In Chapter 7, Veena Kukreja and Mahendra Prasad Singh take a detailed look at ethnic politics in Sri Lanka. The country has been plagued by chronic and possibly one of the most devastating ethnic conflicts in South Asia. Sri Lanka is a multi-ethnic, multi-religious and multilingual country. However, Sri Lankan governments' discrimination against Tamils in five main areas, namely, land, language, education, employment, and power-sharing sowed the seeds of conflict and contributed to turning the Jaffna Tamils into an alienated segment of Sri Lanka society. The only solution to the festering ethnic conflict in the island republic is a federal option that goes beyond the present political arrangement of executive presidency and the government's offer of devolutionary autonomy to the separatists. But constitutional reform is contingent on the peace process aimed at restoration of normalcy. Unless peace returns, the switchover from the present constitution of executive presidency to the desired parliamentary federalism, with a certain degree of asymmetrical status for the Tamil region, would be unthinkable.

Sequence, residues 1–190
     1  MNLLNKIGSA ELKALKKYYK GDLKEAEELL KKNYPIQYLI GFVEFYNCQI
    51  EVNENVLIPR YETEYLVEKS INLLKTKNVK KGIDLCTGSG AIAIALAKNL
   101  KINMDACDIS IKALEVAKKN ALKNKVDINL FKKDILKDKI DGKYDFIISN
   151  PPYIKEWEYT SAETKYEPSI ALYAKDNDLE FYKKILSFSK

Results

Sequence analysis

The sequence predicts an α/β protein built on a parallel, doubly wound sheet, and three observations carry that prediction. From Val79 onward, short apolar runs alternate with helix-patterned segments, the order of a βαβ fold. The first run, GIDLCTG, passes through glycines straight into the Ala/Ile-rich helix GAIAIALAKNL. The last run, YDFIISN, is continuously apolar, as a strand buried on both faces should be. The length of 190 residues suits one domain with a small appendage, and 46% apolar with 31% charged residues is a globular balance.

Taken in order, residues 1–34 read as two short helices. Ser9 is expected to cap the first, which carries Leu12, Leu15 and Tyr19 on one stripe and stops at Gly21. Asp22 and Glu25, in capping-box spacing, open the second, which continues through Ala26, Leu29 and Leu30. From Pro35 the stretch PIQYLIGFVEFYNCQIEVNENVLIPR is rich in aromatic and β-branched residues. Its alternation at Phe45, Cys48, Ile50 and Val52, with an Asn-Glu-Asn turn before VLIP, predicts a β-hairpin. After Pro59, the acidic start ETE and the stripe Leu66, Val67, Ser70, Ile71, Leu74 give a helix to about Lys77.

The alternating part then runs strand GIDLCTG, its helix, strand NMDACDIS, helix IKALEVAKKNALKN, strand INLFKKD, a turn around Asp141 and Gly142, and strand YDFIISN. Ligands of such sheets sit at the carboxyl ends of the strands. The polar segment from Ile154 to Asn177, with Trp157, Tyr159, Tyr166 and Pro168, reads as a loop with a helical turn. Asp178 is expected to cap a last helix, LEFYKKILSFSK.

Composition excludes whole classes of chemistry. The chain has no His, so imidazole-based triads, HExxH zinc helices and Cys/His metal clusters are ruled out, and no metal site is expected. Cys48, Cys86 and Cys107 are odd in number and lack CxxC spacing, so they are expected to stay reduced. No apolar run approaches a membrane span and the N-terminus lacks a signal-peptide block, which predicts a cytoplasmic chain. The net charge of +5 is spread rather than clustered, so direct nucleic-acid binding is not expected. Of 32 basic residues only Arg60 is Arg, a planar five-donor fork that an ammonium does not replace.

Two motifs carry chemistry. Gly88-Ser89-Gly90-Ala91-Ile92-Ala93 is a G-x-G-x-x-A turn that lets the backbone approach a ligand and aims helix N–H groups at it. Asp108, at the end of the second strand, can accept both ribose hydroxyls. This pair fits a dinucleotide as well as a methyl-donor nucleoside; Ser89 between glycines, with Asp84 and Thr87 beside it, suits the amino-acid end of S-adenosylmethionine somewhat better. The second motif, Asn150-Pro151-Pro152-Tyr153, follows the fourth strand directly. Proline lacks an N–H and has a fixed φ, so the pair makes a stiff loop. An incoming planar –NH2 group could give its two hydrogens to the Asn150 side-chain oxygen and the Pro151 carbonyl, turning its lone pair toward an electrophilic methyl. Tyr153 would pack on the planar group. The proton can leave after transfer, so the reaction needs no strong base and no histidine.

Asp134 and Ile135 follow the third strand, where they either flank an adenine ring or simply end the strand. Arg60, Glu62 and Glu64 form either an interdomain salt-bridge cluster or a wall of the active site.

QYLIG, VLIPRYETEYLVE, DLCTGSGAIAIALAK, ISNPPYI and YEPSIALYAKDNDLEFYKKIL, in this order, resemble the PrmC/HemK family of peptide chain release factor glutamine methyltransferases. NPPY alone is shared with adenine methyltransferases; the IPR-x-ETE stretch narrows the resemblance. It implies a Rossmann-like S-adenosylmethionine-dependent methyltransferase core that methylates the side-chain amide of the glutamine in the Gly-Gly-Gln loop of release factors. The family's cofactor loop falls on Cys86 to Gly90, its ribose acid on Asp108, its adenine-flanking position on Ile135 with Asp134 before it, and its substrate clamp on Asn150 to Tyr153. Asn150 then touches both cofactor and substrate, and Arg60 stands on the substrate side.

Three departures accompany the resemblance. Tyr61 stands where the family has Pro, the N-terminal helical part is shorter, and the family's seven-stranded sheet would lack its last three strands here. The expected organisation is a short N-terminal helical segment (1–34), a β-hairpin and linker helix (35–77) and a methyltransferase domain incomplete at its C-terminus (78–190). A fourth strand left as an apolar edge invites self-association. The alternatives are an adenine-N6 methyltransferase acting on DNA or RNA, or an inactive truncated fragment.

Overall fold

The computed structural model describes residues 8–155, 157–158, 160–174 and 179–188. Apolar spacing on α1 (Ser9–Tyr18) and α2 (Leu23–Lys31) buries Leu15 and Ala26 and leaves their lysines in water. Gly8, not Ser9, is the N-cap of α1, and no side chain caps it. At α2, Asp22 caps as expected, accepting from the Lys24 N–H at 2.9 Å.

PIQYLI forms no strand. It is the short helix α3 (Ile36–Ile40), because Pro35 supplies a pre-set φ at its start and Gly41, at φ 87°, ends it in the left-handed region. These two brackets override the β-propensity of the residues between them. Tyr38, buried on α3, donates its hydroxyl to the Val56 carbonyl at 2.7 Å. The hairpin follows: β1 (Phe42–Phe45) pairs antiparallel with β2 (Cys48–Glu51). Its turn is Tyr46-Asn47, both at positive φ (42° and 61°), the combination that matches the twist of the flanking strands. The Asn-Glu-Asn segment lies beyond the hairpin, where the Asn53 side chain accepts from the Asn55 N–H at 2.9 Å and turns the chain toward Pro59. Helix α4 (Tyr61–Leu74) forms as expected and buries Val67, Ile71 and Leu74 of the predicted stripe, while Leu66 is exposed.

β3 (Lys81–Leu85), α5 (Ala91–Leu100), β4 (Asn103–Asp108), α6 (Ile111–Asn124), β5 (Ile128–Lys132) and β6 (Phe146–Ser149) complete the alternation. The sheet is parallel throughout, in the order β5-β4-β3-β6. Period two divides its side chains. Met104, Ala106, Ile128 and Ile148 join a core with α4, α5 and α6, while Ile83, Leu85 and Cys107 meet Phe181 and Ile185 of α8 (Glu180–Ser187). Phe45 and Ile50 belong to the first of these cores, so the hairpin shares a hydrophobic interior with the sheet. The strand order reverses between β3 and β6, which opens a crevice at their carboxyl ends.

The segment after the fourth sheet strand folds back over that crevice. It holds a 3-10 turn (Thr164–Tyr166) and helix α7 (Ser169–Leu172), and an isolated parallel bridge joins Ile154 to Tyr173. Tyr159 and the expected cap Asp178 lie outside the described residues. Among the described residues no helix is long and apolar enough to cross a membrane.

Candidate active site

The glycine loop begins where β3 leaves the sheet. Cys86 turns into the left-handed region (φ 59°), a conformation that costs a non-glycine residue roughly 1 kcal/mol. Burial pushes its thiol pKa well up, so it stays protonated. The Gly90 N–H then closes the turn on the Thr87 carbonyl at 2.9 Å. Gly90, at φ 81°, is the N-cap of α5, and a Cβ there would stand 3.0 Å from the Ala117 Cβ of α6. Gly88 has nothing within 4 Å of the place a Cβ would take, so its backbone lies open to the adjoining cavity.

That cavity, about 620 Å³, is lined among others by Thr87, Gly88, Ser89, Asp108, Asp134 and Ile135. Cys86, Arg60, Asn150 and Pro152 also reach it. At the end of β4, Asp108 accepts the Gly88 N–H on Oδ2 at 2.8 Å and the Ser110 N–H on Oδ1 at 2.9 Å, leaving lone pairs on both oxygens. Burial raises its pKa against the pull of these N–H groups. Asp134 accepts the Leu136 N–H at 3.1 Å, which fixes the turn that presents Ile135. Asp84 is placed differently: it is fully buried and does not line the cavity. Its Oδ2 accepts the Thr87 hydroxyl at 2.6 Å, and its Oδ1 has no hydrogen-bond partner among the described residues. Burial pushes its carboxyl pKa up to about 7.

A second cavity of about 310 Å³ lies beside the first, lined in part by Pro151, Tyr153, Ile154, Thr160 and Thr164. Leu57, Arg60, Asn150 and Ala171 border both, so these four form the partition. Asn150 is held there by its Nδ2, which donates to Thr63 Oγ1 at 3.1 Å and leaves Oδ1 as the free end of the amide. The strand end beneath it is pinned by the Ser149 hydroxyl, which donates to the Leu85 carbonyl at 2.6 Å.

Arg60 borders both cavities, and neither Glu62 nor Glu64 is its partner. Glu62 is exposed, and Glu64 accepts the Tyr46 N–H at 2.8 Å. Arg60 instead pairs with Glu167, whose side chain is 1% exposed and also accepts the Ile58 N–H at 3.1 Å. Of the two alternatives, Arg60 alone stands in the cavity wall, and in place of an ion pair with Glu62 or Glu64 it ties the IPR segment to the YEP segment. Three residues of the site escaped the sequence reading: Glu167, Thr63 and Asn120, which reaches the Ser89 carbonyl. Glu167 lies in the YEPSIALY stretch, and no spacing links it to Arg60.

Sri Lankan, Napalese, and Bhutanese ethnic and class conflicts differ from the Indo-Pak and Indo-Bangla communal boils in the sense that the latter category of problems are more complicated internally as well externally due to rising tide of Islamic fundamentalism at the regional and global planes. Given the political will of the ruling elites of Sri Lanka, Nepal, and Bhutan, the former category of ethnic strife is more amenable to an early solution.